How their priorities and expectations have changed the equationExcerpts from a new study from Zippia, an employment and job-search site, reveal the deep influence of this maturing demographic group. Access the full report here.
Millennials are no longer the youngest workers in the office. In fact, the oldest Millennials are nearly 40. Many are now balancing work with the demands of a growing family. In 2020, Millennials make up an estimated 50% of the workforce. As Millennials age and advance in their careers, how have their priorities and expectations from their employer changed?
Just as important, how do companies attract- and retain- the largest segment in the workforce?
We conducted a survey of 1,000 American job seekers to uncover what Millennials are looking for- and what they aren’t. The results? From rejecting lengthy commutes, seeking remote work, and prioritizing PTO more than other generations, Millennials are a generation striving for work-life-balance and flexibility at work. However, the realities of the job market often leave them coming up short. Specific detail about the methodology and survey questions can be found in the methodology section at the end of this report.
Benefits & Deal Breakers
Benefits are no substitute for competitive pay when recruiting workers. In fact, according to our survey, 30% of Millennials left their last job due to pay— not because their office was missing a foosball table. However, a strong benefit package (consisting of benefits job seekers value) can make attracting talented workers easier.
There is a perception that Millennials are attracted to flashy benefits, such as free food, fun offices, and other atypical benefits. However, when surveyed, Millennial’s most desired benefits are healthcare, remote work, and 401k/retirement benefits. Overwhelmingly, these are the most desired benefits of workers of all ages.
Ultimately, to drawn in the majority of Millennial candidates, HR’s best tool is a strong portfolio of benefits that appeal to all workers.
Are Millennials Flaky Job Hoppers
There is no denying that Millennials do believe it is okay to stay at a job for less time than previous generations. 20% believe staying at a job for less than a year is all that is needed, compared to only 14% of Gen X finding it acceptable.
However, it is worth noting, the vast majority of Millennials do still believe in staying with companies for more than a year. 22% even believe workers should stay at a company for the longest amount of time option available, 4+ years. While only 20% of Millennials say staying at a job for a year or less is fine, 27% plan to be at their current or next job for less than a year.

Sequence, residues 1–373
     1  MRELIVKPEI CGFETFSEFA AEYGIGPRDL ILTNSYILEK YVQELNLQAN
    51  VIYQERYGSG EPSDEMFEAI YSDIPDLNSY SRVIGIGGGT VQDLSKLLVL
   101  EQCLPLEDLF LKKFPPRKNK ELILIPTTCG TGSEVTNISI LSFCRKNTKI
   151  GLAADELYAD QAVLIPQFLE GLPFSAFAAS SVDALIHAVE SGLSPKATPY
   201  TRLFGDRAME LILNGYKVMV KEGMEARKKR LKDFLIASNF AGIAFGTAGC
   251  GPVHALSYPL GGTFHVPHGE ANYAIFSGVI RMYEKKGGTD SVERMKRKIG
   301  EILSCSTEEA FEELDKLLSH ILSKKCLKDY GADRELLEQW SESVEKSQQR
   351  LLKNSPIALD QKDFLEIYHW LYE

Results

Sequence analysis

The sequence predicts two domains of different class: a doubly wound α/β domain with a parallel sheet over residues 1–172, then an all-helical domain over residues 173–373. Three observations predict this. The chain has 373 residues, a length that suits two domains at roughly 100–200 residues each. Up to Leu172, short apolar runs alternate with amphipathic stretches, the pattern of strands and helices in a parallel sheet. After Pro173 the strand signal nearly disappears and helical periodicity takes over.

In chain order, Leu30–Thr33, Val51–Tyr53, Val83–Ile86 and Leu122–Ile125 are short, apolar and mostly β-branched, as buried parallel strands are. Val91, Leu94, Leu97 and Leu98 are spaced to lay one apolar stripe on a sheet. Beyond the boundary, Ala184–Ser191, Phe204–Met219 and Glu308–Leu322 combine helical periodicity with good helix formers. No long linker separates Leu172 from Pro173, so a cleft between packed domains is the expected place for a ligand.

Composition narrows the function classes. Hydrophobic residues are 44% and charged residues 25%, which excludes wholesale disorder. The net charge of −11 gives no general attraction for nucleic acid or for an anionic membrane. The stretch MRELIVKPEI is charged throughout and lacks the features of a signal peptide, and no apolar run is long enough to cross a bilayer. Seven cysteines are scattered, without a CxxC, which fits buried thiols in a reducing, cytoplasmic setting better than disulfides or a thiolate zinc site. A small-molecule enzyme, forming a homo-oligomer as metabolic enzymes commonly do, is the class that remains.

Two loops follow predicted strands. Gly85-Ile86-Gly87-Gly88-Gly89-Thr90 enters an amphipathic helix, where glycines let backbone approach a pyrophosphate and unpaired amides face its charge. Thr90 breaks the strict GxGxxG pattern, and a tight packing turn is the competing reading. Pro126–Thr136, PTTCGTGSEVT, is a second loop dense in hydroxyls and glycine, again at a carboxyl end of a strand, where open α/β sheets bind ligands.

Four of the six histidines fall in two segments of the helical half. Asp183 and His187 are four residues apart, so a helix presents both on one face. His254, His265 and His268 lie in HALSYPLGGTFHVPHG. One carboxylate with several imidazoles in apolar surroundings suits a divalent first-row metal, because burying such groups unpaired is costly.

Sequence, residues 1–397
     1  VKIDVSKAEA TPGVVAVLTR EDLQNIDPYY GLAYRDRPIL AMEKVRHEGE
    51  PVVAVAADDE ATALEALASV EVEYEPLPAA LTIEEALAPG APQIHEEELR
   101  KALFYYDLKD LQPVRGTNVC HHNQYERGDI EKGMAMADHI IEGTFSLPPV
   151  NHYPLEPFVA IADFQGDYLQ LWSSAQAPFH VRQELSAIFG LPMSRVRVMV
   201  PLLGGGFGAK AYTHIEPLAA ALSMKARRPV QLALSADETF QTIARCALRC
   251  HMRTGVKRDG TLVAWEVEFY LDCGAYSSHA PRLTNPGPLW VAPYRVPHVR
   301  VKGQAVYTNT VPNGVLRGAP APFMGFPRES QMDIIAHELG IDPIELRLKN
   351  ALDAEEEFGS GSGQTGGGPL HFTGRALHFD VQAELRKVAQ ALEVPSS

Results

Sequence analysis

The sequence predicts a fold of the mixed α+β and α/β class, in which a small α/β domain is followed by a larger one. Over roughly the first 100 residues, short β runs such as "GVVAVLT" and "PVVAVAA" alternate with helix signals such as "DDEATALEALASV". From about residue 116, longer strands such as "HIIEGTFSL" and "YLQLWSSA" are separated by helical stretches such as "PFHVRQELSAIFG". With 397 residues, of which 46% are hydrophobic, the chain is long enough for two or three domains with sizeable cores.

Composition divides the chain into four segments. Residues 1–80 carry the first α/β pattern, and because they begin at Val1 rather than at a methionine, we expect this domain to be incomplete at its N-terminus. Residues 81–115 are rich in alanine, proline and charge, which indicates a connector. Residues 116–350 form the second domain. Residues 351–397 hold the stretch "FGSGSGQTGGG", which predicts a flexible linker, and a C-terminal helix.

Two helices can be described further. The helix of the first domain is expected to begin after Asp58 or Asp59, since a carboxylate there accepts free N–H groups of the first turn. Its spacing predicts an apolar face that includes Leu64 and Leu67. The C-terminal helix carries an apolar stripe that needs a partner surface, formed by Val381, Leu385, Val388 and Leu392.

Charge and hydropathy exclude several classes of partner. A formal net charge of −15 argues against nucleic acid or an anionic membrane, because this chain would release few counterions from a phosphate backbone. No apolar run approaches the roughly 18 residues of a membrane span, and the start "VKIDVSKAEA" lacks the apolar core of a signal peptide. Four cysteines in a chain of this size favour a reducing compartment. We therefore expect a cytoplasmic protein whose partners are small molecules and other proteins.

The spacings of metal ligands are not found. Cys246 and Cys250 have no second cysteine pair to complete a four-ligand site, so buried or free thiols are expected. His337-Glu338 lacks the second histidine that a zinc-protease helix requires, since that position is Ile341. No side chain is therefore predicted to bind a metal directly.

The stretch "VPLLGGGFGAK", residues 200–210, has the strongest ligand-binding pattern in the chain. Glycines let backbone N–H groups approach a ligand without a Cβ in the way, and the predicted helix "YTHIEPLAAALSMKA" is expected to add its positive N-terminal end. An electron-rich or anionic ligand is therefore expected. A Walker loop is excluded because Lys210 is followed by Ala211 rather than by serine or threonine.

However, when asked, Millennials stated their biggest reason for leaving their last job was lack of advancement opportunity and poor pay. Companies looking to retain workers can mitigate workers leaving soon than desired by developing mentorship programs to improve employee retention and focus on internal candidates when filling new positions.
A New Take On Job Hunting
An estimated 1-in-2 workers is a Millennial. What interview behavior can turn off half of your potential applicants?
Since Millennials value pleasant work environments, it is no surprise that 62% of Millennial workers are turned off by an unfriendly interviewer. The next biggest turn-off is discrepancies in the job listing and the interview itself, followed by workers losing enthusiasm for a role due to long, complicated interview processes. The majority of Millennial workers say these turn-offs could lead to them rejecting a job offer.
Of course, companies can only interview who applies. Where are Millennial workers looking for jobs? The vast majority of every generation now primarily use job search sites to find their next job, including 85% of Millennials. However, Millennials are more likely than prior generations to make use of social media and personal connections in the job hunt.
Companies can utilize this trend by establishing a strong, positive social media presence that will appeal to Gen Z. Similarly, they can encourage current employees to act as ambassadors using referral bonuses. Of course, creating a great place to work will organically spread much of the word! Happy employees will naturally share the love.
Bonus, the up-coming Gen Z is even more likely than Millennials to use social media and friends and family on the job hunt.
Key Finding & Fast Facts
- Millennials three most desired benefits are health insurance (41%), remote work (31%), and 401k/retirement benefits(30%).
- Millennials desire health insurance more than any other generation
- 61% of Millennials prefer to work remotely, rather than in traditional office spaces
- Only 13% of Millennials say they prefer to work in cubicles
- Millennial workers are most likely to turn down a job due to a long commute, unpleasant office, or inflexible work environment.
- 28% of Millennials say poor work-life-balance is a deal breaker when it comes to accepting a job.